At 10:45 in the morning my car’s thermometer is pegged at-30: as low as it will go. I do not know how cold it really is, only that it is colder than 30 below. After an hour on the road, there is still ice on the hood of the car and the clutch is still as stiff as tar.
I am driving East, into the rising sun, with everything I own.
when the road ahead is drenched in molten gold i know to raise my hand
in anticipation of being blinded
until the road slides west and sunrise
outhouse in December some one has left the seat up amber icicles
driving east, sarah brightman
eases the pie jesu
into the rising sun as brilliant bursts of liquid bronze and gold splash champagne, and shadows
chase the sweetness of the melody across the hillsides.
telephone poles stretching one after the other, t-braces white with frost, a thousand messiahs
with knees and feet of alabaster and frosty brows bowed down,
connected by living wire, carryingmy whispered voice from christ jesus
to christ jesus
until it reaches your
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…because sometimes I DO write about things that have nothing to do with quilting!
Today at lunch I went down to the “pit” (our Yukon College common area) to listen to a noon-hour presentation by the Kitchen-Kuiack family, who were the winners of the Canadian Geographic Energy Diet Challenge.
Marguerite and Brian and their two daughters, 17-year-old Simone and 12-year-old Marika, came to share what they learned and how they did it. But they didn’t just talk, they also shared several of the two-minute videos that Simone had made as part of the project. In total they were required to make 32 videos and post 32 blogs during the 3-month challenge. Wow! The videos we saw today were funny, engaging and informative and I thoroughly enjoyed them. I have been trying to track them down on the web so I could link to a few here, but unfortunately I haven’t had any luck. If I can find them later, I’ll post them then. Anyway, the family also passed around samples of various types of LED lightbulbs for us to see…these replace both the old-fashioned incandescent ones and the newer low energy fluorescent ones,. But better than that, they were able to talk about what they liked and didn’t like about the different types of bulbs. In fact, after hearing them talk, I’ll seriously consider replacing our “new” low energy fluorescent bulbs with these lower-energy LED ones when they wear out. The family also generously shared copies of their electric bills (down a whopping 32%), passed around a watt-hour meter (a little device that shows how much power whatever device you plug into it is using), and shared some of the more innovative outside-the-box ideas that they tried out, such as using grey water to flush the toilet.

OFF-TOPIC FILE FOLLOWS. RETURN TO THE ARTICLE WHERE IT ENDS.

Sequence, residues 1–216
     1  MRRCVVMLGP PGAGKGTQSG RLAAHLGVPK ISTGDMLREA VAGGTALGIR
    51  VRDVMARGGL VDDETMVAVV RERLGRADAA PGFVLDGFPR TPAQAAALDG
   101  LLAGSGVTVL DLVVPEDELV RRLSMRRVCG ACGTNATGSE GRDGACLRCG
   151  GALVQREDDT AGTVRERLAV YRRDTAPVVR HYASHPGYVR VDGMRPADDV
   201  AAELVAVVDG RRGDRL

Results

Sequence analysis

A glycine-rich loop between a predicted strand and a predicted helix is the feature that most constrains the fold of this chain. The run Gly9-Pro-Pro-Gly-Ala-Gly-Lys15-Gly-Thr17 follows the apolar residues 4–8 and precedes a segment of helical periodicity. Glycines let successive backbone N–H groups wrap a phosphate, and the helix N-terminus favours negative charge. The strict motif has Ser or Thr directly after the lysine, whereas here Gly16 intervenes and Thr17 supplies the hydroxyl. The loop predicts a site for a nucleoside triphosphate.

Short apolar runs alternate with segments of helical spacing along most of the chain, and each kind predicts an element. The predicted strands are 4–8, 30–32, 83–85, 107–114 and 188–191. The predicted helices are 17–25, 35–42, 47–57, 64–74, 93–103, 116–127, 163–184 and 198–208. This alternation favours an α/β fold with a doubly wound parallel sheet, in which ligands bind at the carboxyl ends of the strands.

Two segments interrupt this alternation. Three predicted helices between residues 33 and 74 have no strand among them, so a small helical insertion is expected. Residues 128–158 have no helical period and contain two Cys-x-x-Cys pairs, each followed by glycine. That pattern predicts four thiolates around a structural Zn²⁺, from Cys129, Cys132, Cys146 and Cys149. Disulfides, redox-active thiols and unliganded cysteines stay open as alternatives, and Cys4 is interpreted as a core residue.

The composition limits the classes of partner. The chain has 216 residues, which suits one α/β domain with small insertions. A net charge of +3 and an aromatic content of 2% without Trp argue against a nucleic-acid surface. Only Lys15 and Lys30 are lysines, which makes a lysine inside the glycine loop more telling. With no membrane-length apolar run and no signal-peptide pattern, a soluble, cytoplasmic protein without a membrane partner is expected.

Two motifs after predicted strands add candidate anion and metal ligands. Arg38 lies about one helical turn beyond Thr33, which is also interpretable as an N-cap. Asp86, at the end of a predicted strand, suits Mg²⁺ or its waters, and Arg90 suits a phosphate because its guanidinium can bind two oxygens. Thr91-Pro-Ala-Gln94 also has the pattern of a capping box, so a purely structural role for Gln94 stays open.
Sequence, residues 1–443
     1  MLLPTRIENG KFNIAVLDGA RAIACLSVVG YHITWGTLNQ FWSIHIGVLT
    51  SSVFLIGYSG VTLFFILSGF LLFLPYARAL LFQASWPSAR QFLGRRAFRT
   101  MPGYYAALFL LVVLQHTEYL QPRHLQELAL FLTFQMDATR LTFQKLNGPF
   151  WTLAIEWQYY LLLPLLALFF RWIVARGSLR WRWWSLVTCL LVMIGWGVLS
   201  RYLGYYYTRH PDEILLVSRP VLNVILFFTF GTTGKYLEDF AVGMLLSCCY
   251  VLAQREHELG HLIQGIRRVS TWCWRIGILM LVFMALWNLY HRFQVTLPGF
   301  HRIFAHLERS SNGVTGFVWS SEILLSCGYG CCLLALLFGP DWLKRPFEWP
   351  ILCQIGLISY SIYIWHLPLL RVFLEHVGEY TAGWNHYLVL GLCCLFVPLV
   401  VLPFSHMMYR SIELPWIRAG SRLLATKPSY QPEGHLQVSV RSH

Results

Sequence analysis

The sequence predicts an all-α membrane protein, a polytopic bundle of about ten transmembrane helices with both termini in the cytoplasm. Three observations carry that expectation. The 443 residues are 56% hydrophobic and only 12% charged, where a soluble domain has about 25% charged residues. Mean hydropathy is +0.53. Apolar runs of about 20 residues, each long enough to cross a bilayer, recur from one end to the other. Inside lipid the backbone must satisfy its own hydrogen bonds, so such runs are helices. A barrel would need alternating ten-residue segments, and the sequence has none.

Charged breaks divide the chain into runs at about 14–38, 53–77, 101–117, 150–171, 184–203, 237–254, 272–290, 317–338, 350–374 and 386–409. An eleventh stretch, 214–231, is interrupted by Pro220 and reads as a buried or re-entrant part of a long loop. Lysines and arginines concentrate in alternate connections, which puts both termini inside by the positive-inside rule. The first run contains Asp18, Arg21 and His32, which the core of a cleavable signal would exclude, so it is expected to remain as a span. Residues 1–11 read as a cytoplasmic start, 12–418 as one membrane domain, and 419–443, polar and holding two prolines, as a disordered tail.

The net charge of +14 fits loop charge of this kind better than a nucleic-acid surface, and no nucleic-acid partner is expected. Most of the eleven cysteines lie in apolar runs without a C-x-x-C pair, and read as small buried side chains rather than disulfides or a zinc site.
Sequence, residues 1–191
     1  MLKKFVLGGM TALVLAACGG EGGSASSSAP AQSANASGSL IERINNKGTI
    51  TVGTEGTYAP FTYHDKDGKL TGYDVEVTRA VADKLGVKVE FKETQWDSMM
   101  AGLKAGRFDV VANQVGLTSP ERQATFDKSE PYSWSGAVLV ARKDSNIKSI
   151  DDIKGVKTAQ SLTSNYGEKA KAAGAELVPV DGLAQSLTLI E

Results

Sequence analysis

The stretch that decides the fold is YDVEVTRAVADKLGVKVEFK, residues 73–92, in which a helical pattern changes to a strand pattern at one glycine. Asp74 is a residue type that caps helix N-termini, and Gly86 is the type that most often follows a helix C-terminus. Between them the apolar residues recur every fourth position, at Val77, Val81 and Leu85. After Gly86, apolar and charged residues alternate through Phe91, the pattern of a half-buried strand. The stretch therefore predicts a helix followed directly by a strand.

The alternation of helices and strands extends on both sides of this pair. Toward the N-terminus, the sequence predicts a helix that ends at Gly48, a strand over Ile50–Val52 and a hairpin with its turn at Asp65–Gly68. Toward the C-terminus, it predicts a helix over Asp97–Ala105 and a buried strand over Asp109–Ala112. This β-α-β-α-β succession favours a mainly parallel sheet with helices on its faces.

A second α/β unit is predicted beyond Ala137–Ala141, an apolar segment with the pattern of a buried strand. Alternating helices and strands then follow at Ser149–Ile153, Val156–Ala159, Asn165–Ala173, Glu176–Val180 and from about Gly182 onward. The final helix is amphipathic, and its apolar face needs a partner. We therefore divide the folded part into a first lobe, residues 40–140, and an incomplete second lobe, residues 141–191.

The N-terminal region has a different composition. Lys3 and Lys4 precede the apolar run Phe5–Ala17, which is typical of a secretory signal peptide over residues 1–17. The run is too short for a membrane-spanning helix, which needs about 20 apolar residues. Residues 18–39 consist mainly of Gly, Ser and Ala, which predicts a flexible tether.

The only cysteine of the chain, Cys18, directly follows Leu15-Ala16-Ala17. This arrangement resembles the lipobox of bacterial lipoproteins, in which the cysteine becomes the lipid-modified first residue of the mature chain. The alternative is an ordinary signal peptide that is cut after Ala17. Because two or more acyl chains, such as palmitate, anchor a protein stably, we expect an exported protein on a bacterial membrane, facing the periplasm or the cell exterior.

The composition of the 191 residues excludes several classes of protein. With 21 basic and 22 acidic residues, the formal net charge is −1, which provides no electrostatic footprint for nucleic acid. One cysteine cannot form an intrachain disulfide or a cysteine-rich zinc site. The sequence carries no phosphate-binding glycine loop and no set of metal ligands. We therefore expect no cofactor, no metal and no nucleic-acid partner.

They mentioned briefly that all of the participants in the challenge had to make and use a solar oven, and that as a result they used 51% less cooking fuel! Wow! I would have liked to have learned more about that. I think that is something we could definitely use here in the Yukon, so I may have to do a little research of my own. That would be a cool summer project for the Lake House, eh?
17-year-old Simone also took part in the Shell Canada driving challenge and shared some of the things she learned there as well. I was happy to see that many of the driving tips were things I already do. For example, I like to manage my vehicles energy much the same way I manage my bicycle, by coasting down hills (instead of powering down them) and coasting to stop signs & stop lights instead of powering up to them and then braking. However, I was also happy to learn some things that I hadn’t thought of, such as pretending there is an egg under the accelerator pedal, or pretending that there’s a full glass of water on the dashboard. These little imaginings should help to smooth out acceleration and deceleration. Smoother driving with less braking will definitely make a considerable difference in the amount of gas I burn (and have to buy).
After the presentation, I even got to plant some arugula and pea seeds to take home for my windowsill for future healthy munching!
I work in a cool place. Thanks for hosting this great lunch-time presentation, Yukon College, and thanks to the Kitchen-Kuiack family for sharing your experience with us.